Twelve Nights

Reviewed by YTSL

Almost about the last thing that many people -- including yours truly -- would think that a Hong Kong movie would ever (try to) resemble would be a film by someone like the late Ingmar Bergman.  But then, how many people could also conceive of pretty much any film-maker (other than maybe French or Swedish ones) having done such as:  Completed a Master’s thesis on “Ghosts and Goddesses:  Women, Cinema and the Image” (Crystal Kwok, director and co-scriptwriter of “The Mistress”); get an article on “Postmodernism and Hong Kong Cinema” published in an academic journal that comes out of the Johns Hopkins University (Evans Chan, director of “Crossings”, “To Liv(e)” and “Journey to Beijing”; see related link #1); and cite Krzysztof Kieslowski and Edward Yang’s works as being those she most wants to imitate in a CNN-TIME interview in which she gets identified as an existentialist and a pessimist (Aubrey Lam; see related link #2)?!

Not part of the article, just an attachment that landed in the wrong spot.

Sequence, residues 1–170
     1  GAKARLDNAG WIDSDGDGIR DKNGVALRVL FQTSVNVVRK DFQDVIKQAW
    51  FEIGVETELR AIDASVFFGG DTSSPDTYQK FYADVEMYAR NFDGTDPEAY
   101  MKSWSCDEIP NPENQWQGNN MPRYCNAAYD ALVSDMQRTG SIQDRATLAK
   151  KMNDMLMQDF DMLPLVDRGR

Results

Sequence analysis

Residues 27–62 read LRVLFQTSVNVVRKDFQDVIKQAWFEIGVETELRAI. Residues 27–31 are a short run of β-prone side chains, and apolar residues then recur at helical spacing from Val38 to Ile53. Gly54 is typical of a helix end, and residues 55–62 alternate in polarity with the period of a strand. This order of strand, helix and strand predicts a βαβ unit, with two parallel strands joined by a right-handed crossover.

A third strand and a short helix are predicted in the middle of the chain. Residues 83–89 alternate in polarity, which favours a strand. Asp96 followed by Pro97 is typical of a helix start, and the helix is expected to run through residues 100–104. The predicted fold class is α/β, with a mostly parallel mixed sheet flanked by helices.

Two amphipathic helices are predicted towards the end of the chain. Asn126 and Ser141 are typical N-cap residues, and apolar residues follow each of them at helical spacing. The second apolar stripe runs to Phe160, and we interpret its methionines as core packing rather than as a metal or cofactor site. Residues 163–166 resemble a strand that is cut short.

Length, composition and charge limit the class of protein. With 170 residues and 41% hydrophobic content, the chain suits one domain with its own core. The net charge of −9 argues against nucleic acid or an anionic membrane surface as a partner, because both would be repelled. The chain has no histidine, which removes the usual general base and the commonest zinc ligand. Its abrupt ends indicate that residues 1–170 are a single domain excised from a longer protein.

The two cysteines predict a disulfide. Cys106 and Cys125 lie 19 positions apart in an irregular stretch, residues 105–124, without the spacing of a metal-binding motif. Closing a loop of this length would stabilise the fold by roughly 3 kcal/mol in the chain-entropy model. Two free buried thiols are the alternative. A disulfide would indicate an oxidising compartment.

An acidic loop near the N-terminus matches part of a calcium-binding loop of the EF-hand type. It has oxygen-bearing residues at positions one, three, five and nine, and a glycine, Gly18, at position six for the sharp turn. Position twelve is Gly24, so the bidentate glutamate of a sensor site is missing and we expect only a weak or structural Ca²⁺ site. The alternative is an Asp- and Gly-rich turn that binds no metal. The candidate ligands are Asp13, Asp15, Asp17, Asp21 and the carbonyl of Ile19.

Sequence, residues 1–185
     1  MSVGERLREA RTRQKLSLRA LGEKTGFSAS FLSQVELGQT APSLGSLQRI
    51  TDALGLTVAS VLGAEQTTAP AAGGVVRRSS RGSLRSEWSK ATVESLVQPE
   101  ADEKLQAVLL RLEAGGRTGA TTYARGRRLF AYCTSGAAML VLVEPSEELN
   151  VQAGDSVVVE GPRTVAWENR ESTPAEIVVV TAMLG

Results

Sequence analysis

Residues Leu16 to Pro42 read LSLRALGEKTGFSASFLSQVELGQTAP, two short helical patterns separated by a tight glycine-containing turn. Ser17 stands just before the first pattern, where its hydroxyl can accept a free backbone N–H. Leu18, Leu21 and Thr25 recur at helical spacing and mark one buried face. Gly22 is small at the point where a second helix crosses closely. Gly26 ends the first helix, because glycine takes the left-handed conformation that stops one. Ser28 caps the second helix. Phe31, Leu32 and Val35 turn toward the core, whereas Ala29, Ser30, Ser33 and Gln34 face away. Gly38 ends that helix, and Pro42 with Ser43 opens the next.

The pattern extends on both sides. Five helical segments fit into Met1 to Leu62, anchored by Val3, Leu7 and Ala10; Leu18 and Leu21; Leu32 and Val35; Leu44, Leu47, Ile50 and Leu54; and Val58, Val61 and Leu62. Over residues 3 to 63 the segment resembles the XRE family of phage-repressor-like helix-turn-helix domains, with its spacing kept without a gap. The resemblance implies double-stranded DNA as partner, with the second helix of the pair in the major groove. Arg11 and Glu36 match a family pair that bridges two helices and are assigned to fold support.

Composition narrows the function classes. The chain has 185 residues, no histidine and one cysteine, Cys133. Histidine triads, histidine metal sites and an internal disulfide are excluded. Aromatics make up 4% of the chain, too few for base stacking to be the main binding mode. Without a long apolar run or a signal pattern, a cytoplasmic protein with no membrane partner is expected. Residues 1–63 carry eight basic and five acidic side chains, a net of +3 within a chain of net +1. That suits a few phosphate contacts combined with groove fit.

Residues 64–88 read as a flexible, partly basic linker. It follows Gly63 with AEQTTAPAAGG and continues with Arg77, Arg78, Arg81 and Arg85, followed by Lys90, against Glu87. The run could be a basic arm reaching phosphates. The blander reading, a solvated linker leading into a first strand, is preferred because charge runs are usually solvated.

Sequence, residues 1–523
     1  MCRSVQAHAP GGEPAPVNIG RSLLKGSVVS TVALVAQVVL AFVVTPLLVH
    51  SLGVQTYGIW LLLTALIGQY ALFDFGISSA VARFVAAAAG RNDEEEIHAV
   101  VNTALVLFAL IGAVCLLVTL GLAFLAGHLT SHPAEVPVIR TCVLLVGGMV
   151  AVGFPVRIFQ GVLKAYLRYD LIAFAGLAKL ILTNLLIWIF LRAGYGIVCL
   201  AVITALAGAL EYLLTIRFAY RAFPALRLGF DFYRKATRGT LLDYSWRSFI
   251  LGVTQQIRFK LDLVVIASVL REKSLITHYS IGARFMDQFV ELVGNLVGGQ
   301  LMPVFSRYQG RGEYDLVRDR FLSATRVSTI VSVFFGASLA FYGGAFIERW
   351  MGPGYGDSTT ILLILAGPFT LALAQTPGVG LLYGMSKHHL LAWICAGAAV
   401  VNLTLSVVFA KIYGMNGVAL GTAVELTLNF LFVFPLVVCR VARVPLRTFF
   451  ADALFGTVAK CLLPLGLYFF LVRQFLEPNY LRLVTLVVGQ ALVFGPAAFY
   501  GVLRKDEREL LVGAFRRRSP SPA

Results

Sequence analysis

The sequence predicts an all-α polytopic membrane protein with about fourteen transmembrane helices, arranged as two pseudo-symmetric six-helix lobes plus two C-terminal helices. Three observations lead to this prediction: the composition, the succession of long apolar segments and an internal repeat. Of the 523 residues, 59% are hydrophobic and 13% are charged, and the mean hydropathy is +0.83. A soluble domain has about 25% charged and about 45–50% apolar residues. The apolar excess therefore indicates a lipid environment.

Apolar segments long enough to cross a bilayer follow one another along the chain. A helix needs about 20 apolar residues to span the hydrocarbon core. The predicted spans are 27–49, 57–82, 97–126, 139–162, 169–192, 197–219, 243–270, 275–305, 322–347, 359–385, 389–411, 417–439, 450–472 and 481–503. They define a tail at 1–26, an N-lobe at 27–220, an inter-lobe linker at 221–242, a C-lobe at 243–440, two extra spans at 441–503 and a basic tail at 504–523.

TWELVE NIGHTS is fledgling director Aubrey Lam’s highly ambitious attempt to transpose Bergman’s “Scenes from a Marriage” to the milieu she knows best:  I.e., not only Hong Kong but, more specifically, the Yuppie-type territory frequented by characters of the UFO (United Filmmakers Organization) films for which she -- who was the scriptwriter of six of their works (and “Purple Storm”) as well as this year 2000 Golden Harvest production -- and producer Peter Chan are famous.  This having been said, this offering does not feature scenes from a troubled marital union.  Instead, the temporal staged format of the Swedish auteur’s film was adopted so that viewers of this not at all technically bad Hong Kong work get shown what transpires on several obviously non-consecutive nights -- more evenings, really -- that occur over the course of a rocky relationship of two individuals who clearly -- to themselves as well as others -- do not have all that much in common.  Yet persist they did, for longer than anyone probably ended up feeling was necessary, to believe that they had been destined to meet (and therefore ought to stay together).